Are you planning to welcome a new furry member into your family? There are so many things to consider when adopting a dog: What are you going to name it? What color should her collar be? What tricks are you going to teach him? And since these things are so fun and exciting, it’s easy to overlook some of the most important things that will ensure a safe and comfortable transition for your new family member. To help, we asked vets about the top mistakes first-time dog owners make with their new friends and what you can do to avoid them.
Top Mistake #1: Not Dog-Protecting Your Home
Before bringing your new dog home, remember that he’s never been there before. She does not know what is safe, what is dangerous and which areas are prohibited. So you need to protect your home from dogs in advance, says Dr. Sarah Wooten, DVM, Pumpkin’s veterinary expert. “Protect your dog by watching your house from his level – what can he get into? Keep cleaning supplies, chocolate, toxins (like rat poison), prescription and recreational drugs, and anything your dog can get into out of reach or in closed cabinets they can’t get to,” she recommends.
Biggest mistake #2: Not sourcing ahead
You may think you have time to run for dog supplies after bringing home your furry friend, but that’s probably not true. Spot doesn’t come quietly and politely into your life; she is on track and she will have immediate needs. First-time dog owners should be ready to ride before she comes home to ensure a comfortable transition for her, recommends Dr. Heather Berst, DVM, Pet Health Professional and Zoetis Veterinarian. In addition to a collar, leash, crate, and pee pads, you’ll also need some food, but not just any food. “Ask where you get the dog what food it eats and have that on hand. You can always change, but make sure you give them the same food for the first few weeks to avoid stomach upset,” says Dr. Berst. She also recommends providing a dedicated space for your dog to sleep in while he adjusts to his new home, such as a certain room or an enclosed area.
Top mistake #3: not going enough to the vet
The vet’s office isn’t just a place you take your new dog to if he gets sick. It’s also important to take your puppy to the vet as soon as possible after adoption, so your vet can administer vaccines and parasite preventative medications, as well as tests to make sure your dog is in good health. health, according to Dr. Berst. She suggests making your pup’s first visit to the vet a positive one too, so he doesn’t get nervous about routine care. “Give them treats and praise when you walk in. Let everyone at the vet hospital know this is your new dog’s first vet visit and they’ll help make it positive,” she says. .
And don’t stop going after that first visit! Annual visits are important because “a year in a dog’s life can be like 5 to 7 years in a human’s life, so a lot can change,” notes Dr. Berst. During your dog’s annual visit, the vet will check his weight, lungs, heart, teeth, and vital signs, and then perform any additional tests that may be helpful for your dog’s health.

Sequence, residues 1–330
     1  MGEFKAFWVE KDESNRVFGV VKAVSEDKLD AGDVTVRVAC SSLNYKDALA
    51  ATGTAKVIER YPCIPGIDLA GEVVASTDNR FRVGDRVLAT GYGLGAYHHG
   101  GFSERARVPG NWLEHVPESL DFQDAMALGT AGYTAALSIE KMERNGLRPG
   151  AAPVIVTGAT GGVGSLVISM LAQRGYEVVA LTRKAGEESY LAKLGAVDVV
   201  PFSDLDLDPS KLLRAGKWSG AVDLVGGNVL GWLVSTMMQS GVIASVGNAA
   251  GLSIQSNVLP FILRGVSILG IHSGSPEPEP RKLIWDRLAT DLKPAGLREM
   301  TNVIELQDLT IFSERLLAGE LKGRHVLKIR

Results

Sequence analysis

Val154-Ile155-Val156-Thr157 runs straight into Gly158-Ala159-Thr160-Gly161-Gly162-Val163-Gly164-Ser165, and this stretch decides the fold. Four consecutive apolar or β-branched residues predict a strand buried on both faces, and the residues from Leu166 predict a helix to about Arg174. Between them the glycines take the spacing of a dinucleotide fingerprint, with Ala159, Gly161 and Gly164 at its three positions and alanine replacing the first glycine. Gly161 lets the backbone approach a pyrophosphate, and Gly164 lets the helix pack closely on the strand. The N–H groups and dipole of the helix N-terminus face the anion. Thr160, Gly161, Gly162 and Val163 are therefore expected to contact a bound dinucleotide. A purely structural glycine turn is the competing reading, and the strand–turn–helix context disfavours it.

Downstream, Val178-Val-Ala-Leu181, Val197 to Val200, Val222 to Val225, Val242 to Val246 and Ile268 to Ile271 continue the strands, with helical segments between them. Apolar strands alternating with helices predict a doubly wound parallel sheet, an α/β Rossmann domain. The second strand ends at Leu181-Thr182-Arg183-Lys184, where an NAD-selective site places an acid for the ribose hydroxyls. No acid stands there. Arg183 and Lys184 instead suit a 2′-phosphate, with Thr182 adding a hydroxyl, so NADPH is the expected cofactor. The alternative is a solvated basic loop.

Top Mistake #4: Not Purchasing Pet Insurance
No matter how careful you are as an owner, accidents can happen and your dog can get sick and hurt. Keep a pet emergency first aid kit handy at home and in your car, says Dr. Wooten; this kit should contain items such as non-stick bandages, tape, gauze, cotton balls, antibiotic ointment, hydrogen peroxide, tweezers, etc. She also notes the importance of pet insurance, to ease the financial pain of your dogs’ mishaps. “If your puppy is injured or sick, a pet insurance plan could reimburse you for some of the eligible veterinary expenses for the unforeseen accident or illness, making it easier for him to get the care he needs. needed to recover,” she explains.
Top Mistake #5: Not Socializing Your Dog
We get it, first-time dog owners: it can be tempting to curl up on the couch with your new pooch and not leave your house for the foreseeable future. But exposing Spot to different places, dogs, people and things will make her more confident, reducing the chance that she’ll be nervous or aggressive in unfamiliar situations, says Dr. Wooten. She recommends using the rule of seven: “Experience seven new things every day and make the experiences positive with praise and treats.” Just make sure your dog is fully vaccinated before venturing out into the world.
There’s also a lot of socializing to do at home, says Dr. Berst. Properly introducing your new dog to other family members and pets is vital for everyone’s well-being. Hasty and uncontrolled introduction can cause lasting damage. “Poor introductions, especially with other pets, can really challenge relationships for a long time,” says Dr. Berst. “You better go slow and talk to your vet or trainer before you bring your new dog home to make sure you’re doing it right.”
Adopting a dog is an important step. Remember to keep her safe and healthy – and take lots of pictures! They are growing too fast!